Manuela and Lahcen are the first to arrive. Manuela is amazing. A Canadian expat who met Lahcen, her Moroccan husband on Skype and now lives in Mirleft, a small village on the coast near by. She has that ability to just live from her heart, and someone whom appears to be my lifeline to sanity. It is so nice to have a friend that lives here who is not related to Peace Corps but still understands the madness we go through to fit into this culture. Idris, my tutor and Said, another friend come and the music begins. Idris, Said and Lahcen have been playing music together for years and the friendships between men here are refreshing, very warm and unrestrictive. Being a conservative culture, men and women do not have friendships as we do in the states so men form bonds with each other that we are unaccustomed to. Idris, Said and Lahcen love spending time with us so they can be friends without the restrictions of their culture that lies outside my door. Said told me recently, I was the first foreigner he had ever become friends with. Latifa, wonderful Latifa somehow understand and lets me be. As far as I know, she tells no one of the parties I have had here, although, this is the fist one I have invited Moroccans, and Moroccan men in particular. I am rather nervous about this but this is Thanksgiving and this is my family.
The new Health PCV’s come, four, and bring more goodies. Meredith especially is a wonderful cook and she’s conquering the obstacles we all face trying to cook with equipment and ingredients we are not familiar with. Maggie, an American child of the 60’s who lived it hard landing in my town 5 years prior and now sells jewelry on Ebay comes and everyone is congregated in the living room, happy. I slip away… it is the moment of truth. Time to check the bird…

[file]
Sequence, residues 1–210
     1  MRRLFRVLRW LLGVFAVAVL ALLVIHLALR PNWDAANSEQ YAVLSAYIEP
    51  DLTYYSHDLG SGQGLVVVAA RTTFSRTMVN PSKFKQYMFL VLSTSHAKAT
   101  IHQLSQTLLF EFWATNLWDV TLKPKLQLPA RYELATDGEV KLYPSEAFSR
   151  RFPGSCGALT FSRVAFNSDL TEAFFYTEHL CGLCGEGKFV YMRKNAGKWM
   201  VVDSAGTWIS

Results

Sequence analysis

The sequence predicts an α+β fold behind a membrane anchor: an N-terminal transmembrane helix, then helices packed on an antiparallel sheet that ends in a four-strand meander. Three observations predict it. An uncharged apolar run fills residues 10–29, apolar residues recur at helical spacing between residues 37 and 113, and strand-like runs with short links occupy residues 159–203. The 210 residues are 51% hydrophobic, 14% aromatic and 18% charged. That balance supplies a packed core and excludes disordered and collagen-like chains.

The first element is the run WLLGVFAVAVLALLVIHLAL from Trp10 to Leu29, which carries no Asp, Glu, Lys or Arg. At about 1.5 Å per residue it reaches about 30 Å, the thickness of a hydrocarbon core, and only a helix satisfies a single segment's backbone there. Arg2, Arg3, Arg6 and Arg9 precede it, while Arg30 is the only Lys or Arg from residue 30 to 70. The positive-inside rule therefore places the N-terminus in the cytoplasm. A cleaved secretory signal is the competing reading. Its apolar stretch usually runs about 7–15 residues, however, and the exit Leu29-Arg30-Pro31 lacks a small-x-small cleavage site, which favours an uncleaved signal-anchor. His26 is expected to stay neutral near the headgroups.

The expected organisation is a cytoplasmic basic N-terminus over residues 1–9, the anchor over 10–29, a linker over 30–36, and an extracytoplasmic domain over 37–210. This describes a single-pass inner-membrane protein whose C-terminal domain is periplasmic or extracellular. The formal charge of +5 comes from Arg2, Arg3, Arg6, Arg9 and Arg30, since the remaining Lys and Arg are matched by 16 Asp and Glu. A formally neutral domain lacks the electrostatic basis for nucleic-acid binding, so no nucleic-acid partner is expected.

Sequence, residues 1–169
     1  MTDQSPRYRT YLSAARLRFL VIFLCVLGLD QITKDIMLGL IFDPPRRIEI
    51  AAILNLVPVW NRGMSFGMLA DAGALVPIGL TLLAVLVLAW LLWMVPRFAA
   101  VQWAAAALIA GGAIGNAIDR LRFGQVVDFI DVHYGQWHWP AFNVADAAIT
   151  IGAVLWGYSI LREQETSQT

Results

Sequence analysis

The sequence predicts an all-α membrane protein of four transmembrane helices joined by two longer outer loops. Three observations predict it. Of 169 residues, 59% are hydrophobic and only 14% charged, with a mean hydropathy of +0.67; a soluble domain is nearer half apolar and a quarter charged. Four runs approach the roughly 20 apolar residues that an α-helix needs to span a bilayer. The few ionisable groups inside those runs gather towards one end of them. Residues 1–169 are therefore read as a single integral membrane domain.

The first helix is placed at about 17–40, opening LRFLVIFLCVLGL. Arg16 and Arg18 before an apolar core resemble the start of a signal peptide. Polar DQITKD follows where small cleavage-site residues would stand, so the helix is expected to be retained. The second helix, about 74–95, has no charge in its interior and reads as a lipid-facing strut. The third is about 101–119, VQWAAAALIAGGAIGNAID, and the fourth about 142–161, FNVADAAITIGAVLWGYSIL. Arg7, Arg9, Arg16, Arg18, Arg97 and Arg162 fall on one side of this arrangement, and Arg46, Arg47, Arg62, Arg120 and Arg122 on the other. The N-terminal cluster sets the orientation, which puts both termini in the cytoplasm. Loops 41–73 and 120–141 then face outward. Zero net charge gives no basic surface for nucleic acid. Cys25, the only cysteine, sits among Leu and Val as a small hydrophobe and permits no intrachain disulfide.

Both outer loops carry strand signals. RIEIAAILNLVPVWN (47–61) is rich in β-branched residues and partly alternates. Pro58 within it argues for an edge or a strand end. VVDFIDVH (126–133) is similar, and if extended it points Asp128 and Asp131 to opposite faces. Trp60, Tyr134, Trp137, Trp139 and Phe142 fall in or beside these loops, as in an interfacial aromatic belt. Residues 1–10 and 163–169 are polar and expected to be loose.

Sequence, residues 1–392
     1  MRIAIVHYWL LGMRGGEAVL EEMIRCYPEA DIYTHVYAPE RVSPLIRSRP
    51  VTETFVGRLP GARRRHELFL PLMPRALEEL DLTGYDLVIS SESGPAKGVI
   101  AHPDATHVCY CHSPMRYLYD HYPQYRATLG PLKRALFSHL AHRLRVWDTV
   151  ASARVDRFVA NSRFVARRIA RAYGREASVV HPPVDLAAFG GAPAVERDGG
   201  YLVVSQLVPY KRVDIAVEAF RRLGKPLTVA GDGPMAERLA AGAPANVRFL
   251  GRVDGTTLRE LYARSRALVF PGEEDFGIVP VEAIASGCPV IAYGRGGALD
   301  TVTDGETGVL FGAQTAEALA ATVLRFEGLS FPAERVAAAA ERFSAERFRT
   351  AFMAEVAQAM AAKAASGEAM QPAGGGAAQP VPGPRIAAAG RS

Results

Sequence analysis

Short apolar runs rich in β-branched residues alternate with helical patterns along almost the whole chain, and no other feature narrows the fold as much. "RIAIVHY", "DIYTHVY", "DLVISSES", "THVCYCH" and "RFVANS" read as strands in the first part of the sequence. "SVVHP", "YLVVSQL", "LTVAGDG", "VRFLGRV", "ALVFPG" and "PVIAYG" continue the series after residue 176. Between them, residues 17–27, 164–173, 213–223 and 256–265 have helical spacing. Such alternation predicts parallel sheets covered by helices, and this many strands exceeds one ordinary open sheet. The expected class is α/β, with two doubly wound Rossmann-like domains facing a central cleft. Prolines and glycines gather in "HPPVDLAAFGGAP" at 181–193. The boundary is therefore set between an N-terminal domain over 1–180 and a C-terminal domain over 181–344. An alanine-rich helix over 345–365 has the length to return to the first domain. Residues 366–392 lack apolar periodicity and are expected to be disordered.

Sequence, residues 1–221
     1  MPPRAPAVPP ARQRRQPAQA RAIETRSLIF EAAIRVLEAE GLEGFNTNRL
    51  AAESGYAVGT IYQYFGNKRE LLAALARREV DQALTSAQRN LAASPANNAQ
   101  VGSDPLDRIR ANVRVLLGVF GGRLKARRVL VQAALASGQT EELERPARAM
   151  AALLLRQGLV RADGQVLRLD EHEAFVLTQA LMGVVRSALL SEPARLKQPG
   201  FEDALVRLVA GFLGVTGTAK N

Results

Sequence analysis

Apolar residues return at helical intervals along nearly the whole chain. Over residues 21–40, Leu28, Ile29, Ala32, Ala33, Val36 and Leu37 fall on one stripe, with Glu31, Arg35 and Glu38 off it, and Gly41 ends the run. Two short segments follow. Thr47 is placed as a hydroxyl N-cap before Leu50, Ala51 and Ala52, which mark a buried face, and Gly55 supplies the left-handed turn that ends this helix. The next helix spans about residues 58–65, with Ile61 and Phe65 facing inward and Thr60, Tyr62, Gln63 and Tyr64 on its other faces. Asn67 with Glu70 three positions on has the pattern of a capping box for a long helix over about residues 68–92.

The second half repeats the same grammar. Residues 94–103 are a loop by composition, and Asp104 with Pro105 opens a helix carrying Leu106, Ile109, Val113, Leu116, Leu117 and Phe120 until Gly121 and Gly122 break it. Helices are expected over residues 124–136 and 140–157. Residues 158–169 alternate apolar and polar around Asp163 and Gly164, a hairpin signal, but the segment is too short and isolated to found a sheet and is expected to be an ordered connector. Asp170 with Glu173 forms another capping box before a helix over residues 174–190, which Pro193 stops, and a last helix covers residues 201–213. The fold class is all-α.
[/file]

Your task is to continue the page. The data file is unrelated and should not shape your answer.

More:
Mahri sees me and slips out to help. We open the oven doors; it looks beautiful. A perfect golden brown, juices flowing, visually, it is done. We do not have the benefit of a turkey thermometer so I take it out and we carry it to the kitchen. The leg joints are soft, the meat is moist and tender, we look at each other. I take a little piece and try it, and smile. Mahri does the same, we are in agreement. It is amazing! I put some foil over the bird and let it repose as we get ready for the feast.
This is not what Peace Corps is supposed to be: a gourmet extravaganza of mashed potatoes, gravy, vegetables, pumpkin pie, cranberry sauce, croissants, grandma’s potato salad… and turkey. A bird whom I met personally, agreed to be our dinner, has been paraded around town, cooked for about an hour, charred on top, reposed for 30 minutes or more in travel. It has been flipped on to it’s belly, stuffing flying everywhere as a saw broke it’s spine and cooked with only our senses to decide if it is ready. I don’t know what did it, or if it is the combination of all but this beast is the juiciest, most tender, best turkey any of us has ever eaten. It is perfect, the evening is perfect, and although we are all missing our loved ones at home, we are not missing them nearly as much as we thought we would, this menagerie of people, my Moroccan Family.